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NATPE Faces Obstacles

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NATPE president and CEO Rick Feldman on Tuesday admitted that the recession is going to have an impact on the organization's upcoming conference but said organizers have been working to ensure that attendees get their money's worth.

"There is no other market where the broadcast world and the cable world and the advertising world and the agent world and the TV station world all get together to try to have intelligent conversation about what is happening in the world of television," he said.

To that end, the schedule, which can be found at NATPE.org, will be "covering the whole gamut of what everybody does" related to producing, monetizing and making decisions about content, Feldman said.

Feldman expects attendance to be down for the 2009 event, set for Jan. 26-29 at the Mandalay Bay Resort in Las Vegas, but declined to get specific, saying that 50 percent of attendees typically register in January.

"We always tend to break late, but this year we're breaking later," he said. "Attendance, sponsors -- everything is a little late."

Feldman did say he expects more than 300 exhibitors and more than 400 buyers from 50 countries, but added that the major distributors appear to be bringing fewer people than in previous years. All of the majors, with the exception of Sony, will attending. CBS' domestic unit will be back on the exhibit floor alongside its international counterpart after sitting last year out; NBC Universal also is returning to the floor. Warner Bros.' domestic division is returning to the suites after spending last year on the floor; Disney and Twentieth also will be back in the suites. As for the station groups, more than half of the group heads are committed to attending.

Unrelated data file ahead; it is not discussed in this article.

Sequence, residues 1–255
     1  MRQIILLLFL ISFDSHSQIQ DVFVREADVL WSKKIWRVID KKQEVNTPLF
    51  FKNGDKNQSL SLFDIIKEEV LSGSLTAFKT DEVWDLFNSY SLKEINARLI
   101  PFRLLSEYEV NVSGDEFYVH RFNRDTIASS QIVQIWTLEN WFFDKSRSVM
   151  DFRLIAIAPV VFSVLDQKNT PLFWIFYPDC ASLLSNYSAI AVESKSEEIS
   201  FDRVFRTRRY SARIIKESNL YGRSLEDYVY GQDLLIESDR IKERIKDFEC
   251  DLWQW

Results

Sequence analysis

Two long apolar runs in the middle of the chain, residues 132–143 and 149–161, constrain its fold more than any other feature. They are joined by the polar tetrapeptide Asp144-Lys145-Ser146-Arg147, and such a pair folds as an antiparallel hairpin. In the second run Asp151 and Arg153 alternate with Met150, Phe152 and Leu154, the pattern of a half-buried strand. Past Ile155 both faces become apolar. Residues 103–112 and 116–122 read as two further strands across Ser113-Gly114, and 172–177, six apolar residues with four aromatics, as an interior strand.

NATPE hasn't lowered exhibitor fees -- though Feldman said NATPE has agreed to "lessen space" for the majors -- but it has extended the deadline for early, lower registration fees for attendees. The group also has been working with the hotel to lower rates for participants.

Meanwhile, plans are still being worked out for the first day of the confab, originally intended to feature executive management sessions that were cut over concerns about charging attendees extra fees in a troubled economy. Feldman said the schedule may include a session being planned in conjunction with the international TV academy or a special screening of a yet-to-premiere midseason series (NATPE is talking to studios about the latter).

As for the future of NATPE, which is locked in to the Mandalay Bay through 2010 and will "probably" stay in Vegas beyond that, Feldman sees it eventually going in a more digital direction.

"I think we're going to have structural changes where, in the near term, we're going to have no growth from the traditional legacy businesses and growth from the online and mobile businesses," he said.